During the fall semester of 1968, the Black Student Union at what was then called San Francisco State College presented a list of 10 “non-negotiable” demands to administrators, focusing on the creation of a black studies department and increasing black access to the university. College officials did not grant the demands.
So the BSU, along with other student groups organized as the Third World Liberation Front, launched what would become the longest campus strike in U.S. history.
The 115-day strike, lasting into late March 1969, led to repeated clashes between students and the hundreds of police officers summoned to campus to impose order. More than 700 students were arrested and scores injured during the strike’s first two months. The standoff led to headline-grabbing confrontations between students on one side and Gov. Ronald Reagan and S.F. State’s acting president on the other.
In the end, the strike resulted in the creation of San Francisco State’s College of Ethnic Studies, and touched off a nationwide movement to increase minority access and representation on college campuses.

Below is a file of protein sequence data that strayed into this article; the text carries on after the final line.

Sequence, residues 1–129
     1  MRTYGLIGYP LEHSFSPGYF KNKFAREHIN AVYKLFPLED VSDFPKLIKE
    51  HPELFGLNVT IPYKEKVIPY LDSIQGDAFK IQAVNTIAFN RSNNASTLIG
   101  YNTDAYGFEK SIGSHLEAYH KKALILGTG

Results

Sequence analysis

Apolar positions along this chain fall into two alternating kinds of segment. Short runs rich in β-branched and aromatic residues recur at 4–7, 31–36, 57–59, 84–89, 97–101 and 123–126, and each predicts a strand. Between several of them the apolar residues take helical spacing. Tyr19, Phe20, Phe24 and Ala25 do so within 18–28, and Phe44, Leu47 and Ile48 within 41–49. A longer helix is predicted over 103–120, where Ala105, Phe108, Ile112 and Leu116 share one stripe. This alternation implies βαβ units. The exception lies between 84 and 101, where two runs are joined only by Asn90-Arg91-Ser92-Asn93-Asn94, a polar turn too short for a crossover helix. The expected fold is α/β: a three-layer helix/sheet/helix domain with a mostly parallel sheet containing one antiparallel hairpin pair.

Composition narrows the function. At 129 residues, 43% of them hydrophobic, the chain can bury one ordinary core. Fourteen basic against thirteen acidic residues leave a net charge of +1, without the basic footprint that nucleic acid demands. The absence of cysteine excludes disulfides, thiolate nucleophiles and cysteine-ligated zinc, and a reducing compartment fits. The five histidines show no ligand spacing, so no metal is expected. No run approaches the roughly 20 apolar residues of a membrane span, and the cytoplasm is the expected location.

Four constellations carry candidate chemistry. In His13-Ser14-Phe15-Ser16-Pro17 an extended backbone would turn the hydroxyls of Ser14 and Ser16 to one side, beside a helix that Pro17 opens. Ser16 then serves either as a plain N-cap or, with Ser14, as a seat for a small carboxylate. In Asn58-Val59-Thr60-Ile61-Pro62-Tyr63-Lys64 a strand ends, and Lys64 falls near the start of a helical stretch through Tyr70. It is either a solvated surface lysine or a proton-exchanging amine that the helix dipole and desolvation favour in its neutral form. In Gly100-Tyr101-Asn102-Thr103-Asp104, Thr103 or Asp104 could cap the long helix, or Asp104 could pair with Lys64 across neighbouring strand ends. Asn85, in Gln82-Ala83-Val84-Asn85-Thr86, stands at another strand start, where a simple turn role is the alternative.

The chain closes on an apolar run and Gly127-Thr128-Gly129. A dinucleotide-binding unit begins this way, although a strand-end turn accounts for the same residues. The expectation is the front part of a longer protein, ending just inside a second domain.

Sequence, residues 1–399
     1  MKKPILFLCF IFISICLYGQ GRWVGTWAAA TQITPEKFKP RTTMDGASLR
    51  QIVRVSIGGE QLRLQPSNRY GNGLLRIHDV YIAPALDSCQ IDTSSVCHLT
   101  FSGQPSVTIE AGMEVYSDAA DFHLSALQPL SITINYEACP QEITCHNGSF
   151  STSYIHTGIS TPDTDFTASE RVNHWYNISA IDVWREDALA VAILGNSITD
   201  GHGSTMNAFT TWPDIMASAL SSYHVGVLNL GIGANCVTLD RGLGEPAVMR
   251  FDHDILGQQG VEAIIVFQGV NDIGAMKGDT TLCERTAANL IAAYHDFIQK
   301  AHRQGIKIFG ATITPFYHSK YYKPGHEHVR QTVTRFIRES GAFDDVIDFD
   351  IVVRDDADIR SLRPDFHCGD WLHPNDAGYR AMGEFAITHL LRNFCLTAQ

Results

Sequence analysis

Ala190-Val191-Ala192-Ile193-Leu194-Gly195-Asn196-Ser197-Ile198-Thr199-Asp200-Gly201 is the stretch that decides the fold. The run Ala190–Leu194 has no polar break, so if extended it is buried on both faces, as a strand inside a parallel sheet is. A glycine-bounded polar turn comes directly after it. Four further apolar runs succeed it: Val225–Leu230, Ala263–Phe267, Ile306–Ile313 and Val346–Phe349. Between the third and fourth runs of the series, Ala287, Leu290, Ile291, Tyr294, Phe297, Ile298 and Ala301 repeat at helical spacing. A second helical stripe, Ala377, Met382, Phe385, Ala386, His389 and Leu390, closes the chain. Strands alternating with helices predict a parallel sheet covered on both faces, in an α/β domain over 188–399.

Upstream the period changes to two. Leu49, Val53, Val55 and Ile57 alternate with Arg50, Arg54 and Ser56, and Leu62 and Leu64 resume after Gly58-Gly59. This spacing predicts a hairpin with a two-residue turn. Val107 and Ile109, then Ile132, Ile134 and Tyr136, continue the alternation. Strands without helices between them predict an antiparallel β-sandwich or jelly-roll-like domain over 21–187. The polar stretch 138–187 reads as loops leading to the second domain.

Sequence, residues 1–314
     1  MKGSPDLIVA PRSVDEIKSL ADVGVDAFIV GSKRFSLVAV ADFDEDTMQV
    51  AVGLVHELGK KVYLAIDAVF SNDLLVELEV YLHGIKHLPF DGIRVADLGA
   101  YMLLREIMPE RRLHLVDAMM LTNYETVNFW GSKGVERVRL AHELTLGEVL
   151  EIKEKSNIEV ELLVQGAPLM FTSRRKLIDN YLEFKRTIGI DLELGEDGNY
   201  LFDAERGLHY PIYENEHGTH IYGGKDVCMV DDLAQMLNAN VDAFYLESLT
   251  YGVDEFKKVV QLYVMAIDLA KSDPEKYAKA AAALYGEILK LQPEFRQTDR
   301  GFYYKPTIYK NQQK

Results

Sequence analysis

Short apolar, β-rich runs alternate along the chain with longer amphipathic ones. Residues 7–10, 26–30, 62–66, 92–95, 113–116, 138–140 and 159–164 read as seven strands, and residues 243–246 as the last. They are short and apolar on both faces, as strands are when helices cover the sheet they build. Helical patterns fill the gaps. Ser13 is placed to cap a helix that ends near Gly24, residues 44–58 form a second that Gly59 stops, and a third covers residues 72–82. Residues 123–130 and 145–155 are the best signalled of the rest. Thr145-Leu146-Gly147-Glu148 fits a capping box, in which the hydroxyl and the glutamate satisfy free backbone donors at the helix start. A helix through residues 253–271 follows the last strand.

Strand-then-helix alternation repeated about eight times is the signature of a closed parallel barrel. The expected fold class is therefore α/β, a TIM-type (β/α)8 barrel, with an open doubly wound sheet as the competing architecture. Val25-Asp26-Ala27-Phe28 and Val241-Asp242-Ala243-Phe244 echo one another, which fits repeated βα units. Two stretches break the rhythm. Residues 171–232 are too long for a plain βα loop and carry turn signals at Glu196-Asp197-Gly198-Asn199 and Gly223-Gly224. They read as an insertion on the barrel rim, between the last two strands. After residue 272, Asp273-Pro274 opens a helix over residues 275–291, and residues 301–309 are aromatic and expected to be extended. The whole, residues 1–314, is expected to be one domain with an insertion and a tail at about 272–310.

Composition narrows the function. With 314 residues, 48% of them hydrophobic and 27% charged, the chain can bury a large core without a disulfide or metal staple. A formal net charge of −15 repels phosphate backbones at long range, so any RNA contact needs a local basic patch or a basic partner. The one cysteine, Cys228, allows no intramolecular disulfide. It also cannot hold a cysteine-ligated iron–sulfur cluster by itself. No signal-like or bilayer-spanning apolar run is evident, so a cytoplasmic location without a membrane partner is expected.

On the 50th anniversary of the 1968 student strike, a new documentary film, "Agents of Change," looks back at this defining moment in U.S. history where civil rights, black power and anti-war movements converged to explore the pivotal role that black student activists played in reforming the American university system.
KQED News spoke with filmmakers Frank Dawson and Abby Ginzberg.
KQED: The 50th anniversary is a nice round number. But looking back at the San Francisco State student strike feels particularly relevant today. Why is it important to look back at these events now?